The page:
gmhTODAY 26 gmhTODAY June July 2019 - Page 92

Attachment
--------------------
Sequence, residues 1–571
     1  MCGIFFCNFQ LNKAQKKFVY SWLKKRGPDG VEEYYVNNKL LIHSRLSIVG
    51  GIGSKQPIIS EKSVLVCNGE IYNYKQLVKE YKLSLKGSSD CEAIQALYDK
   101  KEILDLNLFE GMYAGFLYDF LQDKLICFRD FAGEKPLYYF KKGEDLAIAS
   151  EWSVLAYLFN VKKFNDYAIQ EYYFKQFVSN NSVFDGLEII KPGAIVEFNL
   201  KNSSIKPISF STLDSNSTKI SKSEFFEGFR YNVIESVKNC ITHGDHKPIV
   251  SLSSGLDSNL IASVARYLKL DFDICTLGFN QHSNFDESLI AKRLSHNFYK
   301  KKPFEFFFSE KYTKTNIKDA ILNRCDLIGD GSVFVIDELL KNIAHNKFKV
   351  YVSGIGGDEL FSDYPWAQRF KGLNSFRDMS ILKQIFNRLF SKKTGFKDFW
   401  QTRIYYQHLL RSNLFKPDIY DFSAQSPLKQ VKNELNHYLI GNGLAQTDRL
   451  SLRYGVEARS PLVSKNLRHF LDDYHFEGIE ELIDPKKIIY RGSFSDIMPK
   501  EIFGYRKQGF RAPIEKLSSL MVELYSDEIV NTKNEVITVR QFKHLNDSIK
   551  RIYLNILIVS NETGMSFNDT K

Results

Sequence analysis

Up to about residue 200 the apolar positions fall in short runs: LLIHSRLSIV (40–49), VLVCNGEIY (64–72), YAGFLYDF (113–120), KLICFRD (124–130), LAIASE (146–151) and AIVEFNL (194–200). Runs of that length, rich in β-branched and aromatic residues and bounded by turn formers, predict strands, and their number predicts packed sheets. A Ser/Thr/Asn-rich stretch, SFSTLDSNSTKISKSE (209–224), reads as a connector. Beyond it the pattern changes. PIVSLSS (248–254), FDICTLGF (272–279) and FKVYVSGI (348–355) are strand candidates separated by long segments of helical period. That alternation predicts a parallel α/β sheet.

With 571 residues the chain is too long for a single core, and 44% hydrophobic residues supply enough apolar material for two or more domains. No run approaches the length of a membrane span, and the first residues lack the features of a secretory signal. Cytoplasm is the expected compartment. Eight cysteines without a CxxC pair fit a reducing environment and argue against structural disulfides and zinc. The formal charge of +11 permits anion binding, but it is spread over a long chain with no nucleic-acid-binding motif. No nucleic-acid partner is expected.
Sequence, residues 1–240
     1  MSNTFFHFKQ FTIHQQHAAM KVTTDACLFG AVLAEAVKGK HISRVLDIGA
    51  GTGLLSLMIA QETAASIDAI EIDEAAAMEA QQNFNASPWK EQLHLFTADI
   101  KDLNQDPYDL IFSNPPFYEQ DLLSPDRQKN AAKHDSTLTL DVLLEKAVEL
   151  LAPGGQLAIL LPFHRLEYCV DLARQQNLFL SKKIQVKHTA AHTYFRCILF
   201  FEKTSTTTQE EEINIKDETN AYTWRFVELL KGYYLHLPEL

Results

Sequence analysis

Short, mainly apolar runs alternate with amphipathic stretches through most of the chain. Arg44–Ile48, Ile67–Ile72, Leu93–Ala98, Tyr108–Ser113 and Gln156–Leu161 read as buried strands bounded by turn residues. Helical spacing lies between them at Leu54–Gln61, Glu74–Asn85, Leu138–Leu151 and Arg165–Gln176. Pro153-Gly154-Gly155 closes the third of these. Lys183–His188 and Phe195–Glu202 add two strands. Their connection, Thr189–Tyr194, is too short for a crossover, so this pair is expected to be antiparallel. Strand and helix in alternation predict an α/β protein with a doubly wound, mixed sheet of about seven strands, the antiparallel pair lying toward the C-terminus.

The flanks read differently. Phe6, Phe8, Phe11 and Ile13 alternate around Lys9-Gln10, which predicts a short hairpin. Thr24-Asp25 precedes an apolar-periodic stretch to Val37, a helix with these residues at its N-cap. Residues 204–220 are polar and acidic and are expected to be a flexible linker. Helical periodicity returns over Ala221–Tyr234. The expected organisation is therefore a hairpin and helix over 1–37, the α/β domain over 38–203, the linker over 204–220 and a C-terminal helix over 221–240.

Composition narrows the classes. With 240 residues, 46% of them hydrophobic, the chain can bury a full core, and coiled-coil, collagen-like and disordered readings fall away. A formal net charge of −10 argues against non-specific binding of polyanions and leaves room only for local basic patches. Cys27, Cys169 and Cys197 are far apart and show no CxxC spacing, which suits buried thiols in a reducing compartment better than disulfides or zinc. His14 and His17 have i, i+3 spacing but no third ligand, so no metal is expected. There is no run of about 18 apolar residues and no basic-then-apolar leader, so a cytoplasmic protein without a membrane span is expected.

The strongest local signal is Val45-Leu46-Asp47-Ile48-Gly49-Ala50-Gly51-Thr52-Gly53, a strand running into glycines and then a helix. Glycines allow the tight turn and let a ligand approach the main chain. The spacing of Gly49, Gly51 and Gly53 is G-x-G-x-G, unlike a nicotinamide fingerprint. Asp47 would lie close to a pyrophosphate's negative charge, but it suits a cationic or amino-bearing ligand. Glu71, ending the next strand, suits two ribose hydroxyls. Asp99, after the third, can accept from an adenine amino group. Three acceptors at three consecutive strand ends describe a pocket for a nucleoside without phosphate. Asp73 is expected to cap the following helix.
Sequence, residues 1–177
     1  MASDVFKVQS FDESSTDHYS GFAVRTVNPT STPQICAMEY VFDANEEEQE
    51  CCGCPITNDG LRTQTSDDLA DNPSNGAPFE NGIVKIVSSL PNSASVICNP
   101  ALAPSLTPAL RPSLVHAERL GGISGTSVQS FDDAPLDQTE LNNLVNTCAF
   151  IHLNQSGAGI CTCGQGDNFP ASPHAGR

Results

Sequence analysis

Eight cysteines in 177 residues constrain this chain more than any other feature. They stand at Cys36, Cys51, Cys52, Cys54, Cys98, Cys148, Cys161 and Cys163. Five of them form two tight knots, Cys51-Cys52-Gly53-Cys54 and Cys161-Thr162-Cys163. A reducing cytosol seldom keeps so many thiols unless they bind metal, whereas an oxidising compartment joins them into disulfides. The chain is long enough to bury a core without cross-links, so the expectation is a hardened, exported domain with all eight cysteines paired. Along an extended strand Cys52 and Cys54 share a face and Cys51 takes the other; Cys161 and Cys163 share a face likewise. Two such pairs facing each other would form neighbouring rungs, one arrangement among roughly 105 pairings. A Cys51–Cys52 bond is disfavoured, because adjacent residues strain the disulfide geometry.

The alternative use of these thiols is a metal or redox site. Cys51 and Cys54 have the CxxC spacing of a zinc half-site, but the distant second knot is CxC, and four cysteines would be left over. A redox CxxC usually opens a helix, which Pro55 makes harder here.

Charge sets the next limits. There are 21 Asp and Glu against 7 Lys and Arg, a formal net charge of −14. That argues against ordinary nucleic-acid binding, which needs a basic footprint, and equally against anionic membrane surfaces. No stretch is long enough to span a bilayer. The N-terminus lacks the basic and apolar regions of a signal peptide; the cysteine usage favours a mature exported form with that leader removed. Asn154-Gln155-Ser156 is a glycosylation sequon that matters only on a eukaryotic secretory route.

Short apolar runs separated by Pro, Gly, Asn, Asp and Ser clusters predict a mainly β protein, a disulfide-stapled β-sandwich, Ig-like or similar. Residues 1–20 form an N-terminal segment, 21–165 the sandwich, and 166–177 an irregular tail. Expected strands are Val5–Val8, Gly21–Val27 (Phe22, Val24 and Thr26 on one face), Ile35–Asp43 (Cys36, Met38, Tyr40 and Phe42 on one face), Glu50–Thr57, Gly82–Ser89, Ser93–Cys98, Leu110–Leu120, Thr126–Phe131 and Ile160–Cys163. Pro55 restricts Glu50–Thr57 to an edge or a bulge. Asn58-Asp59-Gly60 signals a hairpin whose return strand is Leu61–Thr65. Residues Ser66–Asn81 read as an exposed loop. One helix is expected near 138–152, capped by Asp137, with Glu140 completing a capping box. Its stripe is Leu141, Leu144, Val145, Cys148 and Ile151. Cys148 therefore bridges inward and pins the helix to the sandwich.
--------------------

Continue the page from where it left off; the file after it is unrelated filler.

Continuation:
AUTHOR ' S corner Jordan Rosenfeld Jordan is the author of four writing guides and three novels. Her articles have been published in such places as: Alternet, The Atlantic, Marin Magazine, the New York Times, the Petaluma Magazine, Salon, the San Francisco Chronicle, the Washington Post and many more. Anthology Lifts up Families of Special Needs Children F or over nineteen years, Hollister author and education specialist, Ramona Trevino, has worked to offer a safe and loving educational space for many families with children of special needs. Working with these children has felt like a part of her calling and purpose, she said. “God gave me the heart so that people could trust me to take care of their kids.” After publishing a book about over- coming PTSD under the pseudonym I.M. Dauntless, she decided to lift up the voices of the families whose children she has taught over the years in a second book, an anthology titled Blossoms of My Life. In it, nine mothers share their stories of life with their special needs children (all of whom are grown now), and how they dealt with their challenges. “I want this book to give inspiration and support to parents when they learn their child has special needs,” Trevino said. “It’s a life-changing event, and it’s not the way you intended life to be, but it’s going to be okay.” “When a family receives the news that their child has special needs, it can come as a great shock,” said Sherrean Carr, Dean of Career Education at Gavilan College in Gilroy. Carr’s daughter, Taylor, has special needs. Her story is included in the anthology. “You go through a grief process because the child you thought was, is not,” Carr said. When Carr’s daughter, now 23 years old, was born perfect and beautiful after an uneventful pregnancy and 92 labor, Carr and her husband had no idea that anything was wrong. It wasn’t until Carr witnessed what she thought was a seizure while her newborn daughter was nursing that she sought medical advice at the hospital. The doctor almost wrote them off, however, because on the outside, Taylor looked perfectly normal. But when her daughter had a seizure in front of the doctor, he needed no more convincing. “That’s where the odyssey of the black hole of devastation began,” Carr said. For a time, medication helped but eventually, the seizures returned. An MRI revealed that Taylor’s brain had not formed correctly in utero. She was diagnosed with what is called “neuronal migration anomaly with poly-micro- gyria,” Carr explained. The doctors did not know exactly how this diagnosis would impair Taylor and told Carr they would have to wait and see if she either met her develop- mental milestones or didn’t. As a result of her disability, Taylor has impaired motor skills and a severe seizure disorder, and she is non- ambulatory and non-verbal. She swallows but cannot chew. She does not have high functioning of her hands and legs. And cognitively, her mother said, she is around the age of a toddler. Despite all that, “Taylor is very communicative,” Carr said. Using modified American Sign Language (ASL), pointing and vocalizations, she gets her point across. “She’s brilliant. She has about two dozen signs,” Carr said. GILROY • MORGAN HILL • SAN MARTIN june/july 2019 Carr remembers the bleak early days of grappling with Taylor’s diagnosis and the reality of her constant need for care. Carr’s mother-in-law provided essential care in the early years, so that both Carr and her husband could return to work. But the emotional turning point for Carr came a few weeks after she came home from the hospital. “I was lying in the Barcalounger with my hand over my eyes, when my dad came by and said, kindly, ‘Still feeling sorry for your- self, hon?’ Well that struck a chord.” Carr decided in that moment that their lives would not revolve around her daughter’s disabilities. “I said, she will have to fold into our lives. I worked hard for a career and college. I had things I wanted to do.”